Mountain lions have lived in the mountains of Santa Cruz for centuries, but some experts believe that cannabis cultivation could put an end to their once-thriving population.
Chris Wilmers is an ecologist at UC Santa Cruz and head of the Puma Project. Along with others, Wilmers has been tracking and studying local mountain lions in the area since 2008. He believes that cannabis cultivation could be spell impending danger for mountain lions in the Santa Cruz Mountains.
Increased Infrastructure Is Expected to Push Mountain Lions Out of Their Natural Habitat
Wilmers is worried that increased cannabis cultivation sites will significantly impact mountain lions in the area. First, he believes that a larger population of humans and increased infrastructure will cause mountain lions to migrate somewhere else. Humans are highly unfavorable to mountain lions, and with the influx of more people, Wilmers believes lions in the area will instinctively abandon their natural habitat.
“Adding infrastructure will negatively affect mountain lions,” Wilmers says. “This drives them away more permanently.”
According to Dan Mar, co-creator of the Regenerative Cannabis Farming Award presented at the Emerald Cup, “Presently the greatest threat to wildlife related to cannabis farming, especially related to upland watersheds, is habitat fragmentation. Animals are losing their habitats to development, and that has a ripple effect. It will affect prey species up and down the food web until it hits upper level predators like mountain lions.”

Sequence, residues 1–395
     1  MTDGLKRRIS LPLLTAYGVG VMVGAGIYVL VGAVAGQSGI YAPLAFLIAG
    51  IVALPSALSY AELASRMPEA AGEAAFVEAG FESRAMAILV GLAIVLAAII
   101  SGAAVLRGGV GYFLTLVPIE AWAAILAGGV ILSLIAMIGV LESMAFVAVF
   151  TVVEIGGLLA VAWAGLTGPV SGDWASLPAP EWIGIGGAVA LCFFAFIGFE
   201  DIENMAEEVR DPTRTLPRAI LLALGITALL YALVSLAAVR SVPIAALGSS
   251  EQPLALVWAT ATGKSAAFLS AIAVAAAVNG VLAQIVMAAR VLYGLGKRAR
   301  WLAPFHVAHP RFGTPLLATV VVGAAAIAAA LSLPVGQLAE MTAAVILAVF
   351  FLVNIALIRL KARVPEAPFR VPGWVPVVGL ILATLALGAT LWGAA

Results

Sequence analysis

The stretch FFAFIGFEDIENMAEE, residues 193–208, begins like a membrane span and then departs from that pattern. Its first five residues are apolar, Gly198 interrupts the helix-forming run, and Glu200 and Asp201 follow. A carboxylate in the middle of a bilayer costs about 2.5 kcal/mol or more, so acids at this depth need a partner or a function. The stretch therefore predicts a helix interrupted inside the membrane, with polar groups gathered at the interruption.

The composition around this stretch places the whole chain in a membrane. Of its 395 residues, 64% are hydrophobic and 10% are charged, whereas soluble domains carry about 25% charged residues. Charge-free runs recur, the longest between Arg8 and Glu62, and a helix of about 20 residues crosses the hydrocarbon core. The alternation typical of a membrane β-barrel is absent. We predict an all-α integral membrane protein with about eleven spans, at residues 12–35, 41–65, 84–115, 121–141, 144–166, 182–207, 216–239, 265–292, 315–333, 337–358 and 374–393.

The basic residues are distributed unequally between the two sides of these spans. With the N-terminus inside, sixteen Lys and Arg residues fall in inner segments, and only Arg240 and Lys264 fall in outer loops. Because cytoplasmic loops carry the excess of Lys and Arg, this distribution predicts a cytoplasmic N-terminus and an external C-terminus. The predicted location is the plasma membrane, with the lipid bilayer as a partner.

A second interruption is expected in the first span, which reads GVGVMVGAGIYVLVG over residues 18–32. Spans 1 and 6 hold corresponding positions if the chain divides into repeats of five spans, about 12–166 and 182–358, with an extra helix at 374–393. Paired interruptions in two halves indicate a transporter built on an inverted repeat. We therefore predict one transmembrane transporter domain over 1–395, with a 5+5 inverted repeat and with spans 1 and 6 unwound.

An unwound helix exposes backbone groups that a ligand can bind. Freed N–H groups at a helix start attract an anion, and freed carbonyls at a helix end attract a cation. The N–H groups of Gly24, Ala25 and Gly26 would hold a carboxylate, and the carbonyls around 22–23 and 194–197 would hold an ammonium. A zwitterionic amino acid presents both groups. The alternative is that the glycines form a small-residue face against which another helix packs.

Mar believes that electrical generators used to power rural marijuana farms in the area could also be to blame. They’re what scares off birds of prey, like owls or hawks, he says. When the food chain begins to dwindle because of human involvement, so does the population of mountain lions.
Toxic Chemicals Used to Kill Rodents Pose Problem to California Lions
Mountain lions losing their natural habitats isn’t the only thing experts are worried about. Rodenticides and pesticides are another problem. A sick rodent will inadvertently affect the predator that consumes it.
Another concern of Wilmers’ is currently banned anticoagulant-based rodent killers. Intended to kill crop-infesting rodents over a period of up to 10 days, these rodents become easy (poisoned) prey for mountain lions in the area looking for a meal. Most toxic rodent killers are banned in California, but Wilmers says a number of the lions he has studied have been exposed to rodenticides.
“Whether they are officially banned or not people will use them,” Wilmers says. “There is no way to regulate hundreds of grow operations in the mountains. If a regulator comes you just conceal the baits or you only put them out once in a while or only at night.”